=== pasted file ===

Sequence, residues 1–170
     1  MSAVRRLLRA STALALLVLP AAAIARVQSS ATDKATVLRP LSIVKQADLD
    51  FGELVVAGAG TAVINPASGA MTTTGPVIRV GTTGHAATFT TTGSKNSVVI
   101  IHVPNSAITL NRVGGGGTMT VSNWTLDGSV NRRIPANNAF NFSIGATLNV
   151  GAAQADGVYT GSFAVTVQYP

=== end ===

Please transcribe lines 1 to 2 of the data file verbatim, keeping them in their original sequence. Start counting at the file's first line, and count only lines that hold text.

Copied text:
Sequence, residues 1–170
     1  MSAVRRLLRA STALALLVLP AAAIARVQSS ATDKATVLRP LSIVKQADLD